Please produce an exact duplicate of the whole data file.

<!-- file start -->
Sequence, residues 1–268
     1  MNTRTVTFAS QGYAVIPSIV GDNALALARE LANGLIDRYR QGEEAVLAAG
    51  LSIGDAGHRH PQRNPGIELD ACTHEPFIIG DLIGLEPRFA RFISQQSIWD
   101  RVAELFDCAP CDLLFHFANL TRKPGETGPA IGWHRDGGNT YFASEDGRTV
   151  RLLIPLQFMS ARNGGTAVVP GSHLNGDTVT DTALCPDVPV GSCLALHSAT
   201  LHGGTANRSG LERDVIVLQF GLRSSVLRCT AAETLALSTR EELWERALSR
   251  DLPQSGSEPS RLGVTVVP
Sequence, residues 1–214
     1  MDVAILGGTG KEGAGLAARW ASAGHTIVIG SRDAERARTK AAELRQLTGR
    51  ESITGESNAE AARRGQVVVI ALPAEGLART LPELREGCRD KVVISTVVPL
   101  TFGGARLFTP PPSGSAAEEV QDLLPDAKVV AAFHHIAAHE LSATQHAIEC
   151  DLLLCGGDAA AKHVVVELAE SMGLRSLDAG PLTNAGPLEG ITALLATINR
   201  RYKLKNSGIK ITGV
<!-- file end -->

Sequence, residues 1–268
     1  MNTRTVTFAS QGYAVIPSIV GDNALALARE LANGLIDRYR QGEEAVLAAG
    51  LSIGDAGHRH PQRNPGIELD ACTHEPFIIG DLIGLEPRFA RFISQQSIWD
   101  RVAELFDCAP CDLLFHFANL TRKPGETGPA IGWHRDGGNT YFASEDGRTV
   151  RLLIPLQFMS ARNGGTAVVP GSHLNGDTVT DTALCPDVPV GSCLALHSAT
   201  LHGGTANRSG LERDVIVLQF GLRSSVLRCT AAETLALSTR EELWERALSR
   251  DLPQSGSEPS RLGVTVVP
Sequence, residues 1–214
     1  MDVAILGGTG KEGAGLAARW ASAGHTIVIG SRDAERARTK AAELRQLTGR
    51  ESITGESNAE AARRGQVVVI ALPAEGLART LPELREGCRD KVVISTVVPL
   101  TFGGARLFTP PPSGSAAEEV QDLLPDAKVV AAFHHIAAHE LSATQHAIEC
   151  DLLLCGGDAA AKHVVVELAE SMGLRSLDAG PLTNAGPLEG ITALLATINR
   201  RYKLKNSGIK ITGV